Local Organizers To Host Second Annual AIDS Event
By Jerome Stuart Nichols
Originally printed 11/8/2012 (Issue 2045 - Between The Lines News)
There are roughly 50,000 new cases of HIV each year in the U.S. Despite the non-discriminating infection and widespread effects, to the population at large, HIV is still an issue. With last year's HIV fundraising event World AIDS Day Detroit, organizer Phillip Kucab and others worked to help wake people up to the reality of HIV. With WADD 2012, they're trying to take it one step further.
The official WADD 2012 event will take place Saturday, Dec. 1, 2012. The details of events and guests are still being finalized, though they will be hosting a fundraiser concert on Nov. 27, Mayor's Breakfast on Nov. 30 and a fashion show as a part of the main event.
"We still have young people becoming infected; we have an older generation living with HIV/AIDS," says Barbara Murray, executive director of AIDS Partnership Michigan, a WADD collaborator. "We have a responsibility to stand with each other. If we don't take care of each other, who will?"
It was this idea of personal responsibility and need for unity that sparked World AIDS Day Detroit 2011. After attending a lecture on the topic, Wayne State University medical student Phillip Kucab was interested in determining the events being held to mark Dec. 1, World AIDS Day.
To his pleasant surprise, there were many. Unfortunately, they were all independent of each other.
"I started thinking, 'Well, why are we doing all these separate things?'" he says. "Then I thought, 'What if we do an event where we all come together?' Some people loved that when I first said it and some people almost laughed it off because we don't do that in the HIV community in Detroit."
Some may have laughed, but Kucab was determined. Having lived with hemophilia all his life and being active within the hemophilia community, he is acutely aware of the devastation HIV can cause.
"I had a family member that died of HIV. I've had more friends than I can count on my hands die from HIV that had hemophilia. As a teenager, I was going to other people's funerals. That impacts me."
With some passion and hard work, he was able to get people to listen. Organizations like Affirmations, the Hemophilia Foundation of Michigan and AIDS Partnership Michigan all joined in to help make WADD a success.
In the end, they raised over $20,000 for charity. While the fundraising was a success within itself, some saw a victory that was much more important. For many, the success of WADD 2011 also marked an important moment in the fight against HIV.
"It marked the clarion call that there is a new generation of leaders in the fight against AIDS," Murray says.
"Phillip Kucab is a key member of that new generation of leaders. He reached out to me last year and I listened and I learned from him. He is smart, articulate and passionate. He is a game-changer, and he knows that it is time to end it."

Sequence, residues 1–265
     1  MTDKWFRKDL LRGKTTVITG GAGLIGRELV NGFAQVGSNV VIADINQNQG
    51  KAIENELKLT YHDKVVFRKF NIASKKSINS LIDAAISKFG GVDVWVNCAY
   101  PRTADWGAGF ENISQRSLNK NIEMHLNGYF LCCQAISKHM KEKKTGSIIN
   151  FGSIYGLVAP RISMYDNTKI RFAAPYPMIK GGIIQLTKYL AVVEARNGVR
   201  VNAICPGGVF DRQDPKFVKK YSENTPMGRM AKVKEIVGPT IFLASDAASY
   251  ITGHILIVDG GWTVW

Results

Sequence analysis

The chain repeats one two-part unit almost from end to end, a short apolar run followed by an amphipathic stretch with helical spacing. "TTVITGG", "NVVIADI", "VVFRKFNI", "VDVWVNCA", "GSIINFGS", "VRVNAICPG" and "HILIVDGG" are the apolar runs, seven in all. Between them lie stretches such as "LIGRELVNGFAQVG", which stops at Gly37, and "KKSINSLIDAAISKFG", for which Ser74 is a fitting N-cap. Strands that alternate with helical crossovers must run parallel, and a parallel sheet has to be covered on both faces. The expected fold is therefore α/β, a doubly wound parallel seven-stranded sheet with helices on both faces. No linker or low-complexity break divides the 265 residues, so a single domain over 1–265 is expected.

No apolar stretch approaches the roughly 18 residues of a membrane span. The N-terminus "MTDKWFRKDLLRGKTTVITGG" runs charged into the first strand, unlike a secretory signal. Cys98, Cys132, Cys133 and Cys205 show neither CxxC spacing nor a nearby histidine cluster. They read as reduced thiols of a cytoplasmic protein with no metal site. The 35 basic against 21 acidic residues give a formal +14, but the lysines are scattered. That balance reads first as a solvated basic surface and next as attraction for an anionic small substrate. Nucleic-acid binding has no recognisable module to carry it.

For his efforts, he was awarded the Outstanding Community Impact Award from collegiate community service coalition Michigan Campus Compact.
Then WADD was born. The event that sprang from concerned curiosity had accomplished more than most people imagined in just a few short months. During the planning of WADD 2011, big names like Usher and Bono were in the mix to appear. While the celeb turn-out was less than they hoped, there were still many influential people in attendance.
Jeanne White-Ginder, mother of HIV/AIDS poster child Ryan White, was in attendance to share her son's story. During the '80s, Ryan's story of discrimination and, ultimately, martyrdom gripped America. Today, he's all but forgotten.
Being able to give new life to White's story was a symbolic victory for their fight and held great meaning to Kucab.
"Ryan White's mom told the Ryan White story on the eve of his 40th birthday. We recorded it professionally; that story will never be taken from us," he says.
Before the success of WADD 2011, Kucab was understandably hesitant to do it all over again. But he was struck by the out-pouring of support.
"Seeing that, it really fueled me to continue the work," he says. "I could have just stopped last year and said we commemorated the 30th year of AIDS in a huge way. Organizations came together and created a lot of energy. I could have stopped there but the HIV/AIDS organizations are struggling; it's getting harder and harder every year.
"The hope is that, with enough awareness, we'll be able to get to zero new infections, AIDS-related deaths and discrimination on the basis of HIV by the end of 2015. The goal is lofty but the team is hopeful."
With WADD 2012, Kucab and co. are still focused on spreading the word about HIV prevalence and stigma. Much of the plans for this year's event are up in the air, but it already looks to repeat the success of last year. "How to Survive a Plague," David France's critically acclaimed documentary on the AIDS crisis, will make its Detroit premiere during the event. Requests are also being sent to big names like Bill Clinton, Magic Johnson, Mary J. Blige and NeYo to appear at the event.
While getting a big-name celebrity to attend would remarkably spread their reach, they recognize that star power won't be enough.
"The work that we're doing in the HIV community is largely within our community," he says. "So, what I want World AIDS Day to do is to be something that reaches the average person in Detroit. I would love for anyone that lives in Detroit to turn on the TV on Dec. 1 and know that it's World AIDS Day, because that's the start."
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